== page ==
Several different gridding interpolation and filtering methods were assessed on the NCALM dataset for their effectiveness in producing accurate ground estimates. However, all methods evaluated in this study produced DEMs that still had significant positive bias. Using one of the most common interpolation methods, IDW, with a weight of 1 cell, it was found that the lidar measurements exhibited a positive bias of 0.14 m (σ = 0.17 m), where σ is the standard deviation, over the ground control data (Figure 6). When separated by species type, most of the overall vegetation bias could be attributed to Spartina alterniflora with an observed bias of 0.23 m (σ = 0.20 m) (Table 3). Using an IDW 3× (interpolation with a weight of 3×3 cells) did not produce significant differences from the IDW 1× results. The Terrascan filtered grid exhibited a modest improvement over the IDW method with a positive bias of 0.11 m (σ = 0.14 m) (Figure 7). This method also produced several points with high negative errors. A species-based review of the Terrascan grid was similar in its results with a majority of the overall bias attributed to Spartina alterniflora, which always appears to have the highest bias regardless of the processing method used.
Difference (m) of Lidar and RTK GNSS by gridding method across all sites (all measuremetns in meters).
The final methods evaluated were minimum and maximum bin filtering of the LAS data where the lowest or highest elevation reading in a defined grid cell, in this case 1 m2, is used and all other values that occur in that grid cell are ignored. As in Schmid, Hadley and Wijekoon (2011), the minimum bin method generally improved results over the IDW method, reducing some positive data drift above the 1:1 correlation line to lower the overall bias to 0.09 m (σ = 0.15 m) (Figure 8). However, it increased the number of negative errors but decreased the standard deviation. It was initially anticipated that a) maximum bin would provide a determination of vegetation height, and b) the difference of maximum bin and minimum bin would have a correlation with bias. However, no strong relationships were found to support these assumptions.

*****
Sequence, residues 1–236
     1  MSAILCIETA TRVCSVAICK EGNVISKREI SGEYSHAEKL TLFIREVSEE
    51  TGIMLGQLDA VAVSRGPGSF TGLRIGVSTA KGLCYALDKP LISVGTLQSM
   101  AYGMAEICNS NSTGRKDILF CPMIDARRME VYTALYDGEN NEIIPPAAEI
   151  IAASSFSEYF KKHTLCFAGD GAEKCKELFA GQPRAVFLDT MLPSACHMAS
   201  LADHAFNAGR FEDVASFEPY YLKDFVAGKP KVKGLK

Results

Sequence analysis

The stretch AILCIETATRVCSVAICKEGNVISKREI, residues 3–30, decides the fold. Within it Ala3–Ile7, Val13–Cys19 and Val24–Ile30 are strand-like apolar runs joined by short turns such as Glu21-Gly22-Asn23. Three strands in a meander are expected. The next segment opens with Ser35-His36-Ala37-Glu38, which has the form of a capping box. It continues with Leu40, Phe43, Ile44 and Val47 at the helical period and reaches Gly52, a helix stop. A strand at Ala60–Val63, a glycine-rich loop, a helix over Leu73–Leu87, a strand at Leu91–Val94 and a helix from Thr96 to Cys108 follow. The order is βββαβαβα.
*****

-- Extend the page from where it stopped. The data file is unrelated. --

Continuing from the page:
The ARRA May 5, 2011, dataset was also evaluated with the same gridding and filtering methods, except for Terrascan, which was unavailable. This dataset represented leaf-off conditions with the marsh in its least vegetated state. As expected, this dataset was much improved over leaf-on conditions, with an overall bias of 0.04 m (σ = 0.06 m) (Figure 9). Spartina patens and Distichlis spicata were now the two species with the largest bias. Using the minimum bin approach on this dataset further reduced the overall bias but increased the standard deviation.
The results of the NCALM dataset at individual marsh sites are generally consistent with the overall lidar bias described above and are presented in Table 4. Using the IDW 1× interpolation method, the NCALM dataset had a range of bias in vegetated areas of 0.10 to 0.22 m across all sites. Spartina patens, Distichlis spicata, and Salicornia spp. had biases very consistent with the overall bias (i.e., the mean across species). However, Spartina alterniflora demonstrated the most variation with a site specific range from 0.16 m to 0.35 m. Results from the ARRA early season flight appear to be more varied and inconsistent at the marsh level than the peak season dataset (Table 5). There appeared to be fewer patterns of bias for individual species. At this early season flight date, Spartina patens, Distichlis spicata, and Salicornia spp. appear to produce larger bias than Spartina alterniflora.